This brief page helps explain the concept of social construction, particularly with regard to childhood. Social construction places its emphasis on the manner in which society establishes its norms, values and beliefs.
Using childhood as an example, our contemporary and stereotypical understanding of childhood is a period of time without any responsibilities, where play is the primary activity in order to allow young people to discover and nurture their potential.
As a society we value such a view of childhood to the extent any divergence from this belief as to what childhood is deemed abnormal. From this our society has created a common-sense notion of childhood should be like.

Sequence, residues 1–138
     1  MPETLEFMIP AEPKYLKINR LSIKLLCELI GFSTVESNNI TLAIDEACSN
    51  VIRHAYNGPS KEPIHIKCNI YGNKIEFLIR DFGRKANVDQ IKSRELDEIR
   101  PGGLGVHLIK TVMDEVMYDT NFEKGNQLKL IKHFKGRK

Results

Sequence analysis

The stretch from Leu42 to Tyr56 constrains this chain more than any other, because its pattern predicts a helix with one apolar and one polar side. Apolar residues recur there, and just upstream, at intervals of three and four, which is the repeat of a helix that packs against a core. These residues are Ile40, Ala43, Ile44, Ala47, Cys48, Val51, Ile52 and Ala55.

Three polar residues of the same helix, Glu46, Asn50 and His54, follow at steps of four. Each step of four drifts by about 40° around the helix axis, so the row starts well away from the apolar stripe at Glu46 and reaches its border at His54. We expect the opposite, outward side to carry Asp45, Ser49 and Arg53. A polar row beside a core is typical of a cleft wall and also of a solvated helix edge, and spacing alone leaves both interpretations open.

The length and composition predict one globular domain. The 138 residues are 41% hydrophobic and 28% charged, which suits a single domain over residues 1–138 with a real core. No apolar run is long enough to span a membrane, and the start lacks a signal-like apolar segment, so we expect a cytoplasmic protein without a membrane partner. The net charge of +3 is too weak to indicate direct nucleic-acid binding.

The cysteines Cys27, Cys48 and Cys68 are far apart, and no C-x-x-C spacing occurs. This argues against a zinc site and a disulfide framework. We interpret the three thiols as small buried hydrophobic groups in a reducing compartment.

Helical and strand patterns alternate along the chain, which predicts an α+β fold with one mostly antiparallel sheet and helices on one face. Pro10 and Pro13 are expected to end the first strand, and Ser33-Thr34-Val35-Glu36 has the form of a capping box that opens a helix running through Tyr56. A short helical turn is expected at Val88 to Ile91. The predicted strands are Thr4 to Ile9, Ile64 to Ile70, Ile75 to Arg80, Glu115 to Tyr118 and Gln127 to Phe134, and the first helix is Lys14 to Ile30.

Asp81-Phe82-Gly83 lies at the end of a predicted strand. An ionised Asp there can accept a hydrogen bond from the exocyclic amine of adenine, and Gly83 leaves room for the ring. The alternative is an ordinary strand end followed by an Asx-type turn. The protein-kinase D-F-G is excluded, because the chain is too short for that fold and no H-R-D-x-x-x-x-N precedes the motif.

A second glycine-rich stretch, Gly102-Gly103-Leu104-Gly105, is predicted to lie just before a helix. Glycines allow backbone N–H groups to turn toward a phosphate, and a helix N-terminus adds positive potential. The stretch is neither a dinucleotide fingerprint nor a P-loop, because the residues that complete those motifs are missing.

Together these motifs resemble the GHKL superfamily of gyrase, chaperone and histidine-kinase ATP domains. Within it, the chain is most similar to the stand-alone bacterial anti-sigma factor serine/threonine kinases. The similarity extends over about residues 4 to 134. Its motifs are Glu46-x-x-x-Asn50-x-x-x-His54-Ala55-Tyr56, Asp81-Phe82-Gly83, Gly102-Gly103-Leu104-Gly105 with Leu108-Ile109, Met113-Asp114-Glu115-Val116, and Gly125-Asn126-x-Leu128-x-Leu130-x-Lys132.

Some sociologists argue common-senses are ideological outcomes. This means ideologies (ideas) cement themselves into people’s minds to the extent they become normalised so any alternative position is seen as being wrong (a counter ideology). Opposing or counter ideologies often struggle to get recognition as they swim against the tide of the dominant idea(s).
Therefore if your childhood doesn’t meet the idealistic image promoted in the media or adverts you can possibly feel you’re missing out; when in fact childhood as an age status, is neither fixed or universal. Indeed the experience and meaning of childhood differs across societies, time periods and between different social groups.